off the charts
BEYOND THE NUMBERS
BEYOND THE NUMBERS
How Deep Are Rep. Ryan’s Social Security Cuts?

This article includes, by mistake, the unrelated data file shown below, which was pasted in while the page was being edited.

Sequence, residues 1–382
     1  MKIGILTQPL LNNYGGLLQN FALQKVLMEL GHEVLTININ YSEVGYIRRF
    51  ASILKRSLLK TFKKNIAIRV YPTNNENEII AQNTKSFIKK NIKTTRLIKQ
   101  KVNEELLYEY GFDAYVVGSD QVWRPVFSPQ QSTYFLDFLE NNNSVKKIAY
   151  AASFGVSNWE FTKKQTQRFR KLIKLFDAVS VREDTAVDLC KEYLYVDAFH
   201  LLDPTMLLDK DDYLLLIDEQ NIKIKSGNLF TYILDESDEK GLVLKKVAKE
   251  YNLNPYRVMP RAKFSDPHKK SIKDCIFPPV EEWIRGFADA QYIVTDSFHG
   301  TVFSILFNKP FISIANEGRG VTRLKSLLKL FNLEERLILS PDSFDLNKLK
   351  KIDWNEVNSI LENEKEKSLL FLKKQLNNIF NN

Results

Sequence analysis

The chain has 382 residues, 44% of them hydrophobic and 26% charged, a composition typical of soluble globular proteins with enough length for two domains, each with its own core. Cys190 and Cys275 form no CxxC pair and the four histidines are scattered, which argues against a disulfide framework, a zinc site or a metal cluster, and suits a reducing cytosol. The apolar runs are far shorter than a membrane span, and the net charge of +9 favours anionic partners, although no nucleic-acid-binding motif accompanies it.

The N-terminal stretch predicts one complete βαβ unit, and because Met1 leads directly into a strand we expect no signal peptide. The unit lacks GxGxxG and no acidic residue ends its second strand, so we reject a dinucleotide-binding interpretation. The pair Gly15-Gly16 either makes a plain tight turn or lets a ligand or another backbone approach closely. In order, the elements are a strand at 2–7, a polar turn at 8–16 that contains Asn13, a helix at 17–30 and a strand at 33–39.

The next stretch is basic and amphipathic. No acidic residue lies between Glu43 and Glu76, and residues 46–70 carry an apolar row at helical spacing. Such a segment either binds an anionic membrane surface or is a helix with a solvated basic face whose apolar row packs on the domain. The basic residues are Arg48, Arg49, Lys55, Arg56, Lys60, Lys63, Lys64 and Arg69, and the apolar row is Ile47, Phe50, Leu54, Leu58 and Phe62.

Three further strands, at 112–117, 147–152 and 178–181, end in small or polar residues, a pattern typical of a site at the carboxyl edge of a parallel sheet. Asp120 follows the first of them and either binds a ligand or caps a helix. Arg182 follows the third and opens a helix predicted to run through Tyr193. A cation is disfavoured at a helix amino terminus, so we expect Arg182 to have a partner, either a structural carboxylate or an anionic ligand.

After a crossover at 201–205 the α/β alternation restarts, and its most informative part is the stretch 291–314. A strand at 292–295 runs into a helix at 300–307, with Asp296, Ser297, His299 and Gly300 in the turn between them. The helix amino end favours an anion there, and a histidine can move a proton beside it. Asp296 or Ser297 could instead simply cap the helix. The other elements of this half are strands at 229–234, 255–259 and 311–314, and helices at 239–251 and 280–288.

Thanks to a new analysis by Social Security’s chief actuary of several possible changes to the program — which the House Subcommittee on Social Security released today — we can calculate the size of the Social Security benefit reductions that Rep. Paul Ryan’s much-discussed budget plan would generate (I analyzed the Ryan plan as a whole earlier this year. Here’s my new analysis of the plan’s Social Security component.) Rep. Ryan’s plan would significantly cut Social Security benefits for future retirees in two ways. First, it would reduce benefits for the top 70 percent of wage earners by basing initial benefits for new retirees on changes in prices rather than changes in wages. (In the long run, prices grow less rapidly than wages.) Second, it would reduce benefits for retirees at all earnings levels by increasing Social Security’s full retirement age even more than it is scheduled to rise under current law. (An increase in the age at which retirees can receive “full” benefits is equivalent to an across-the-board cut in benefits.) The effects of these two benefit cuts would be cumulative — and they would be significant, as the graph makes clear. Initial benefits for new retirees relative to average wages would decline at all earnings levels, but especially for higher earners. By 2080, the maximum earner would receive little more that the medium earner, despite having paid much higher payroll taxes during his or her working years. By 2080, the benefit of a medium earner (someone earning $43,000 in today’s terms) would be 46 percent below today’s wage-indexed amount, the benefit of a higher earner (earning $69,000) would be 56 percent lower, and the benefit of someone who earns the maximum taxable amount (currently $106,800) would be 61 percent lower. These reductions include the 7-percent cut in benefits resulting from the increase in the full retirement age that is already scheduled in law. These are deep cuts. Social Security benefits are modest; the average retirement benefit is only $14,000 a year. Most elderly beneficiaries rely on Social Security for a majority of their income. And as traditional pensions become less common, Social Security will be the only guaranteed, inflation-protected source of income that most people will have. Moreover, large benefit cuts such as those under the Ryan plan are unnecessary. A mix of payroll tax increases and modest benefit reductions — carefully crafted to shield the neediest recipients and give ample notice to all participants — could put Social Security on a sound financial footing indefinitely.
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